Melatu-Uche Okorie was born in Enugu, Nigeria and has been living in Ireland for twelve years. She has an Mphil in creative writing from Trinity College, Dublin. Her work has been published in Dublin: Ten Journeys One Destination, Alms on the Highway (New Writing from the Oscar Wilde Centre), LIT Journal, College Green Magazine.
Her debut collection, This Hostel Life, was published in May, 2018. She is currently working on a novel.
Melatu Uche Okorie Comes to UL for How I Write, Ireland Interview
Melatu Uche Okorie visited UL yesterday to give an interview on her writing process to Lawrence Cleary of the Regional Writing Centre. The author of This Hostel Life, who wrote the acclaimed collection of short stories and essays while living in direct provision, fascinated her audience in FB028 with her insights.
The well-known author Professor Sarah Moore-Fitzgerald introduced Okorie, saying, "This afternoon, we are going to be given many gifts". Okorie then discussed her strategies, inspirations, and philosophies with Cleary, offering us insights on how a high-calibre author crafts her work.
The interview began with Cleary asking Okorie about those who have influenced her writing. She named Chinua Achebe, author of the postcolonial classic Things Fall Apart, as well as her mother. What Achebe and Okorie's mother have in common is that they are both storytellers; at the start of the interview, she declared herself a storyteller, rather than a writer. This is why she has been enjoying Anna Burns' novel Milkman: Burns, like her, writes the novel as though she were telling a story.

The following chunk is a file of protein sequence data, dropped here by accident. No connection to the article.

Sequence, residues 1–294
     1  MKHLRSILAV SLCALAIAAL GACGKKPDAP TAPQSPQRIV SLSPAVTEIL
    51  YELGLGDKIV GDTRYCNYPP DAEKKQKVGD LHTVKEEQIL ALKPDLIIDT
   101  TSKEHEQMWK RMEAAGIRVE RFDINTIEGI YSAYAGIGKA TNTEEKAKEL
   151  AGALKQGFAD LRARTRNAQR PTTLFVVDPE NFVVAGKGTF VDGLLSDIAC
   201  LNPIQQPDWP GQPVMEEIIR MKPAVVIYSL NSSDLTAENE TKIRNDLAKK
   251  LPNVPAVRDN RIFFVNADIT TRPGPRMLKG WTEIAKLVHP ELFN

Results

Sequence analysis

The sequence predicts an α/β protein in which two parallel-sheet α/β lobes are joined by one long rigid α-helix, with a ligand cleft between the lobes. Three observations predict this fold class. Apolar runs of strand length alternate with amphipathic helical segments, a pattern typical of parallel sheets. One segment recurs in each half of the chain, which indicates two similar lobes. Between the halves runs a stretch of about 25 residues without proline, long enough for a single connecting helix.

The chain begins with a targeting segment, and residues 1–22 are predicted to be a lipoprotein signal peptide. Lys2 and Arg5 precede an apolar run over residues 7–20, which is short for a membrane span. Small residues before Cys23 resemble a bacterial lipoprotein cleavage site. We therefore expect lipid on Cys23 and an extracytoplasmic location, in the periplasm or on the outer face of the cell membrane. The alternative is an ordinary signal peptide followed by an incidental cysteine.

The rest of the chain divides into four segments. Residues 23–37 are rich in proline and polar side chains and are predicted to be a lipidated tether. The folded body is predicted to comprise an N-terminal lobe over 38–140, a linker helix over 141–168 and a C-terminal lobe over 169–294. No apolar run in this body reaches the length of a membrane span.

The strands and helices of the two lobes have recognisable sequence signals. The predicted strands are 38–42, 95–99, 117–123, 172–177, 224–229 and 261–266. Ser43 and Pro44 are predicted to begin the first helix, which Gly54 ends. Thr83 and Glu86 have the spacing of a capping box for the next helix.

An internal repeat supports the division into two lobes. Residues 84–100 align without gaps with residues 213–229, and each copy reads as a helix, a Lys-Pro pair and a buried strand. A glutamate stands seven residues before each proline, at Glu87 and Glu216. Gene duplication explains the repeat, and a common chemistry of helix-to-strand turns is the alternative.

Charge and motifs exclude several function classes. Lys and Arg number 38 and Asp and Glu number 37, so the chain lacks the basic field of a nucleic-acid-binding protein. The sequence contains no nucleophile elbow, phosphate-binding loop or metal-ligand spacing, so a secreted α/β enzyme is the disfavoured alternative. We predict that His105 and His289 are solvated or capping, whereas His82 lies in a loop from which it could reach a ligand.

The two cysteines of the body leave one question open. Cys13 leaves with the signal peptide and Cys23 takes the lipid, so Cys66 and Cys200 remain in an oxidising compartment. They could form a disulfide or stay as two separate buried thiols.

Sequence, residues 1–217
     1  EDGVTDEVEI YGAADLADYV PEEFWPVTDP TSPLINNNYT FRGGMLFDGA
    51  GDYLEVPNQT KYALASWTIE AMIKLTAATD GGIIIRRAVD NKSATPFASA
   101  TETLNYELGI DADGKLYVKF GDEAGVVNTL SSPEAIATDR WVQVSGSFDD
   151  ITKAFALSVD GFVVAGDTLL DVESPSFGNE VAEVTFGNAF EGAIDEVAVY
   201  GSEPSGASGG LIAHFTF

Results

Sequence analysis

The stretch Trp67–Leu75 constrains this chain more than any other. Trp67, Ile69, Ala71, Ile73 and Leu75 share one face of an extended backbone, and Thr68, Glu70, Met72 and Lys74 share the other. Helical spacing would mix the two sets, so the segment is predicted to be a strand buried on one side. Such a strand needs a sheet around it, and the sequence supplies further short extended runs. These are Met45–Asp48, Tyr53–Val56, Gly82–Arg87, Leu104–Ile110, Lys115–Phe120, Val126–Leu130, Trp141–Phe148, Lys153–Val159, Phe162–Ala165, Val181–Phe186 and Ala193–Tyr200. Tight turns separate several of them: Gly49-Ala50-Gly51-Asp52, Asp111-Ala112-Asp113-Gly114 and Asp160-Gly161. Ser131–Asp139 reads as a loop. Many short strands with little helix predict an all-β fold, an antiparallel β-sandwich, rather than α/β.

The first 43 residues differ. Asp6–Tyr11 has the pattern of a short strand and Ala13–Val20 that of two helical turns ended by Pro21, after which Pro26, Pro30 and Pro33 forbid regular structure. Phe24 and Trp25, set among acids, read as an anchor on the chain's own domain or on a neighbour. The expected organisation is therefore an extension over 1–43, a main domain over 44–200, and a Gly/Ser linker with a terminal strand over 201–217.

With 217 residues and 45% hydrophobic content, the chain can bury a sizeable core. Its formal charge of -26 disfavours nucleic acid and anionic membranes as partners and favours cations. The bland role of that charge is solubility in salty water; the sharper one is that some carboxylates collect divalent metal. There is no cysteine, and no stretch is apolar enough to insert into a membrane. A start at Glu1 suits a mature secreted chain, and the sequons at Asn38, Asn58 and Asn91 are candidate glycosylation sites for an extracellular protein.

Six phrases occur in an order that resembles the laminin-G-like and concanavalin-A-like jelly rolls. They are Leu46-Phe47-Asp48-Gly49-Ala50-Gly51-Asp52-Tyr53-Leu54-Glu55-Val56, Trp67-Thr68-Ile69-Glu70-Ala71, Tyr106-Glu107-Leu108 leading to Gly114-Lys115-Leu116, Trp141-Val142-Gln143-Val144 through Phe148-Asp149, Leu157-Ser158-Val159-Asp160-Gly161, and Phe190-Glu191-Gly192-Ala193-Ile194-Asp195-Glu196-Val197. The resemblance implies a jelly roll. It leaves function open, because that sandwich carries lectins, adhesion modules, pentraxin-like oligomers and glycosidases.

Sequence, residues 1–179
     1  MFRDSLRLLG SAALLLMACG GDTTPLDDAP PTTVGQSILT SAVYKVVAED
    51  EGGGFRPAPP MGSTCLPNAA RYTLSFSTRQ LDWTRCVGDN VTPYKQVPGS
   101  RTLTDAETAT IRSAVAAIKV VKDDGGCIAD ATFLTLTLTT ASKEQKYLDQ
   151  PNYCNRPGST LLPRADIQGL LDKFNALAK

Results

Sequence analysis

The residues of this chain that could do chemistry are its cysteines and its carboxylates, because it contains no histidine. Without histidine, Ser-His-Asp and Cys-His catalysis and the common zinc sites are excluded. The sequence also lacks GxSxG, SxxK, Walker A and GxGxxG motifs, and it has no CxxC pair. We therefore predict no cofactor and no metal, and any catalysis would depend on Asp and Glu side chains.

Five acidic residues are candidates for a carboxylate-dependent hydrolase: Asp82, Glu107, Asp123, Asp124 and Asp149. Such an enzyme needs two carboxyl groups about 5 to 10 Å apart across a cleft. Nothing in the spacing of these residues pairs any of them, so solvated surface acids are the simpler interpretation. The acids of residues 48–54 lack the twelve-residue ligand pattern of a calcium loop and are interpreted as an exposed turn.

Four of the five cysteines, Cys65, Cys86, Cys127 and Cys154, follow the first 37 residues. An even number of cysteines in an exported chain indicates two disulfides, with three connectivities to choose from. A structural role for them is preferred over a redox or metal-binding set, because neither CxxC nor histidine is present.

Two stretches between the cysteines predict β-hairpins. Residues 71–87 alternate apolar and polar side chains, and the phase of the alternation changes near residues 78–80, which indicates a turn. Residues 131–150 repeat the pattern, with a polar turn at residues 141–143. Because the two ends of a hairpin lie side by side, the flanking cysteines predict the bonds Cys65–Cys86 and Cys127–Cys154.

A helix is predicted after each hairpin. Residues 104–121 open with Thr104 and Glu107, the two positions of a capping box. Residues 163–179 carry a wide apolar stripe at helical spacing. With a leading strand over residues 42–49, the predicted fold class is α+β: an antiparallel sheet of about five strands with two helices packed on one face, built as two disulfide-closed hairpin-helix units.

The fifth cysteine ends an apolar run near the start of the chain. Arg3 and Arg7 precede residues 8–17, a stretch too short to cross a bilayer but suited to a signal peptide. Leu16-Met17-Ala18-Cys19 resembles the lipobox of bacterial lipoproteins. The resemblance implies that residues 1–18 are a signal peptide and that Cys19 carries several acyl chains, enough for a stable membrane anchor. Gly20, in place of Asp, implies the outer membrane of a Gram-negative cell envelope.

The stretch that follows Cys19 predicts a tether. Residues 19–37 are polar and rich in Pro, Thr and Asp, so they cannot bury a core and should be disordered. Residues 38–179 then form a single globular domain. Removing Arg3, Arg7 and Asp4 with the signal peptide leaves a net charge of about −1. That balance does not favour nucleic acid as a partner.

There were some surprises throughout the interview. It came as no shock to hear that the modest Okorie is "not a natural sharer", but the audience was audily taken aback when they heard how she composed her virtuosic story, 'The Egg Broke', in one unbroken rush. Dónal Ryan called it "pristine". Melatu had other unexpected nuggets up her sleeve; she spoke of how she loves Irish-English, and how she wishes more Irish people would write in their own colloquial dialect. This will no doubt be well-received by budding Irish authors who are, as Okorie herself once was, worried about writing in what she termed "the Queen's English".
The interview ended with Okorie accepting questions from the audience, such as why she wrote a collection of short stories instead of a novel. She explained that she has always enjoyed writing short stories much better, since they are short and punchy - in her words, "like bullets". After about fifteen minutes of questions, the interview ended. Okorie stayed for another ten minutes to sign copies of her book and be presented with a commemorative RWC hoodie before rushing off to give a tutorial to the MA in Creative Writing class.
We are delighted to have had Melatu Uche Okorie with us for How I Write Ireland. In addition to being a formidable writer, she is a wonderful woman; she treated the audience with the same grace and attention which she showed the giants of the Irish literary scene who were in attendance. One thing is certain - we have not heard the last of this lady. Best of luck with your future endeavours, Melatu!